Where are you now and how did you get there?
I’m the Gippsland reporter for The Weekly Times, Australia’s largest selling rural newspaper based in Victoria. I worked in agriculture and for the state and federal government in international trade prior to my current role.
Having specialist knowledge in an industry and of government has been extremely valuable and probably gave me a foot in the door.
Why did you choose to study Media?
It has always fascinated me, I use to tape the radio broadcast of the Olympics when I was a kid! I decided to do the Swinburne course because I wanted to try something I might be passionate about. So I quit my ‘safe’ government job in Canberra and headed to Melbourne!
Before you started your degree, what did you think you would like to do? Have you achieved or changed this goal?
I wanted to be a working journalist and I chose Swinburne as it was the most practical course with really flexible hours which allowed me to work while I studied. Initially I thought I would like to work in radio but by learning print, radio and video journalism I kept my options open. Print journalism is a great place to start, and as a remote journalist I also take photos as well, which is an exciting and sometimes daunting experience.
I’d love to do more multimedia in the future, but there’s might be opportunities to do this in my current roles as my editor is encouraging us to do more video and online stories.
What is the best aspect of your job?
I love telling people’s stories, some of them are so interesting and they stay with you long after a yarn has run. It’s a real privilege to share someone’s story. But I also love that you learn every day on the job. One day I might be researching about GP training or covering a court case, the next day I’m looking into environmental regulations, sheep diseases, bee keeping or what every else crosses my path.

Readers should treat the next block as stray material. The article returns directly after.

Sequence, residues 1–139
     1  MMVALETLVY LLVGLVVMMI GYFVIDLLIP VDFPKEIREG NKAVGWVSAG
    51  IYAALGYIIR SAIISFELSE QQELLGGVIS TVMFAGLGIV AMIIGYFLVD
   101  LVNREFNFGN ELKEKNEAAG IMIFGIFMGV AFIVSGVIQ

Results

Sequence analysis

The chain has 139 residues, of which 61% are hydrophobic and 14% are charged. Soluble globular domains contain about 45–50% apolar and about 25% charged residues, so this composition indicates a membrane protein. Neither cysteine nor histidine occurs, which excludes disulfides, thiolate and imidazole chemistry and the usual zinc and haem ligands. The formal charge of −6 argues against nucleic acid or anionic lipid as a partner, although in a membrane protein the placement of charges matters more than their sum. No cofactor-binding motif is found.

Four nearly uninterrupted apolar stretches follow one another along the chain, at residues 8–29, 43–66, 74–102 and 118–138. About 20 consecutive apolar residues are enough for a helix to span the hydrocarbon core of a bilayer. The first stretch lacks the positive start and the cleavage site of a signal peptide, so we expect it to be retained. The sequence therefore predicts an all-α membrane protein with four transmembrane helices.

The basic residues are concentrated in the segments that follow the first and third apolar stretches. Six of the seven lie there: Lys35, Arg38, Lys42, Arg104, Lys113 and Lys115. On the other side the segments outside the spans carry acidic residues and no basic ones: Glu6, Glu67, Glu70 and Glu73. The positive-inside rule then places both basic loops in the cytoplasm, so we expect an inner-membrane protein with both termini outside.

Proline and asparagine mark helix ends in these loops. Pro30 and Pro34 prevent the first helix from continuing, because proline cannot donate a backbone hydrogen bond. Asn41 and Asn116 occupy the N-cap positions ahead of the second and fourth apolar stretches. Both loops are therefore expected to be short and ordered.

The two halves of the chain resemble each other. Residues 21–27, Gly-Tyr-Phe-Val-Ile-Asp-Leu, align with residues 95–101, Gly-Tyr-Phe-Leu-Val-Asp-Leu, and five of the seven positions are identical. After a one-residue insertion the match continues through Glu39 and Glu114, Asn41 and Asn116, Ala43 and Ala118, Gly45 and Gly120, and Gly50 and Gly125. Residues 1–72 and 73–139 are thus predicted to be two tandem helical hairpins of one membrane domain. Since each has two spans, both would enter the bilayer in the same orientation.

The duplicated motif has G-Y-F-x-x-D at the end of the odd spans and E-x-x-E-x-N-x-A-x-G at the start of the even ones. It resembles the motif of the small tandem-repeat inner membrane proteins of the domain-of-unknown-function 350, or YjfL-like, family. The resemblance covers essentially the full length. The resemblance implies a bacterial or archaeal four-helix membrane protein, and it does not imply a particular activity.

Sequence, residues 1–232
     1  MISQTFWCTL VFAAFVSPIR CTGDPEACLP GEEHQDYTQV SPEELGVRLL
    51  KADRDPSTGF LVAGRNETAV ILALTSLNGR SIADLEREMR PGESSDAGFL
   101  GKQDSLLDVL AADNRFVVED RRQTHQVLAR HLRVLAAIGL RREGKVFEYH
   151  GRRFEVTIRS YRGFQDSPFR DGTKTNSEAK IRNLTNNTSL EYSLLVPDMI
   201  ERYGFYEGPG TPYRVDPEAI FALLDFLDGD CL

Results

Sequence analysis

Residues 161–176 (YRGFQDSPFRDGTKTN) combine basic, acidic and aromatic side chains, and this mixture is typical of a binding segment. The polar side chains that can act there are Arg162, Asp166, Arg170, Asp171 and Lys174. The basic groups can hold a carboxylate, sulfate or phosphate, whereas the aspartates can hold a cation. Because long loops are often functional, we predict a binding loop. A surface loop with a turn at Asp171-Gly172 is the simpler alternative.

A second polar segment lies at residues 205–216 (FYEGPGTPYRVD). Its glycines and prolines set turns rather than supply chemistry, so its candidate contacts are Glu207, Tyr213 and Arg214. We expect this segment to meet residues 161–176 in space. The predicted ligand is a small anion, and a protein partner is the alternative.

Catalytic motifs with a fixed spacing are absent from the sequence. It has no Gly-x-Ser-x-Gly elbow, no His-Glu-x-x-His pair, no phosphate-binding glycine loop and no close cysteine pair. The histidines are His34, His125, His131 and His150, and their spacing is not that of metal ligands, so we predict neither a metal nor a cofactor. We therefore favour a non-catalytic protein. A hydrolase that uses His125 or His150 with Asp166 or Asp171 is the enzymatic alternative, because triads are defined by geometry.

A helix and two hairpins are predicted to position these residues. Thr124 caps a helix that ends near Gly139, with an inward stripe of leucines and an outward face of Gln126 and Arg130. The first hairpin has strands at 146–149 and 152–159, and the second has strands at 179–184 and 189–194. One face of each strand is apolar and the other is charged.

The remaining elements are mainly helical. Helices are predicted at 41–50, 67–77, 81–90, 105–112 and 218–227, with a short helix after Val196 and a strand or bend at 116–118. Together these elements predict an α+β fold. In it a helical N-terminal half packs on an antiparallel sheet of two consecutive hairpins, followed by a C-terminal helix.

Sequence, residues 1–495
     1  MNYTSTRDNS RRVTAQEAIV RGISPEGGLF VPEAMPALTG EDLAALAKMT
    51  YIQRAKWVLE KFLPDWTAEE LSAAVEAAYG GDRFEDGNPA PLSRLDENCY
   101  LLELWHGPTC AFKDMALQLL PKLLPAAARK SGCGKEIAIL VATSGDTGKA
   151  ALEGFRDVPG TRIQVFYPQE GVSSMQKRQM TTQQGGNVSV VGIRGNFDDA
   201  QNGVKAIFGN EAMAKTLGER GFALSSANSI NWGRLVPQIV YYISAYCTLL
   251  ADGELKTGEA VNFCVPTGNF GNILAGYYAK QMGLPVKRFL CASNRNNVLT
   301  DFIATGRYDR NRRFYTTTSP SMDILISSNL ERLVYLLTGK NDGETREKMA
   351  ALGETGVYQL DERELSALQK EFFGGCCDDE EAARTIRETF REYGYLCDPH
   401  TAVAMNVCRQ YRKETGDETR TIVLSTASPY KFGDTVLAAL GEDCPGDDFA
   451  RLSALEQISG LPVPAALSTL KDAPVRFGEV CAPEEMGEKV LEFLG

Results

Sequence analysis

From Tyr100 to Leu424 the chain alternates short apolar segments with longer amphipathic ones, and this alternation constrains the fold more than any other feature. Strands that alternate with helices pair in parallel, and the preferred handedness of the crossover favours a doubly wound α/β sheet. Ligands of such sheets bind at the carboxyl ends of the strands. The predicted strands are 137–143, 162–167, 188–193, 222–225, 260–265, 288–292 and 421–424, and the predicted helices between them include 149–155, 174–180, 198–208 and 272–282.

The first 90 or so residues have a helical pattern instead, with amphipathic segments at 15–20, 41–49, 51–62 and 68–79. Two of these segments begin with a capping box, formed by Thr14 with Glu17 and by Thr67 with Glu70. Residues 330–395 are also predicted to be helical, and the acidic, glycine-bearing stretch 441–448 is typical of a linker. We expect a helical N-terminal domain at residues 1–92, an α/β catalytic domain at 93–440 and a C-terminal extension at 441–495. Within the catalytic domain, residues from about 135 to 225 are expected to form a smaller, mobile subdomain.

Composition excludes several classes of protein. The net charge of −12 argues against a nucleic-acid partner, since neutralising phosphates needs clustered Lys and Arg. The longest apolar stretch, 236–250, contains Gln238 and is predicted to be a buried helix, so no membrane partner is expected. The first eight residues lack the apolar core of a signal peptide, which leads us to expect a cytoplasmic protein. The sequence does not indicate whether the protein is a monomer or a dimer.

As a rural reporter I’m not stuck in an office I get to visit lots of farms and beautiful places from the high country region right through to the Gippsland Lakes and the rolling hills of dairy country down. I also get to visit a lot of cattle sale yards and get manure on my boots, but some of my best stories have come from there!
What advice would you give to current students?
Take any chance you get to be published or get your pieces broadcast. I did work experience with the ABC Rural department which was very valuable and also worked as an unpaid soccer and tennis reporter. If you have a special interest, for me this was soccer and agriculture, use this as a point of difference and try to get your foot in the door that way.
And also consider going to the country to work for a rural paper, radio/TV station. You will get a very diverse experience that people working in bigger organisations don’t get. You also learn how important your job is when you live in the same community that your report on.
Networks are gold. When I cold called the Weekly Times for a job the person I spoke with knew me from work I’d done with a grain company years ago.
Anything else you would like to add?
It’s not for the faint hearted. We have to ask the hard questions, but if you love sticking it up the government for poor decisions and digging for a good yarn then journalism might be your gig.